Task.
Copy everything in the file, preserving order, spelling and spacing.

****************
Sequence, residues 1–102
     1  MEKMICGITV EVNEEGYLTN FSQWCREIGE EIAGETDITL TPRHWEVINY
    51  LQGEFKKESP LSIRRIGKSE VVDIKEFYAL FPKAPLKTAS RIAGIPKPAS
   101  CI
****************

Sequence, residues 1–102
     1  MEKMICGITV EVNEEGYLTN FSQWCREIGE EIAGETDITL TPRHWEVINY
    51  LQGEFKKESP LSIRRIGKSE VVDIKEFYAL FPKAPLKTAS RIAGIPKPAS
   101  CI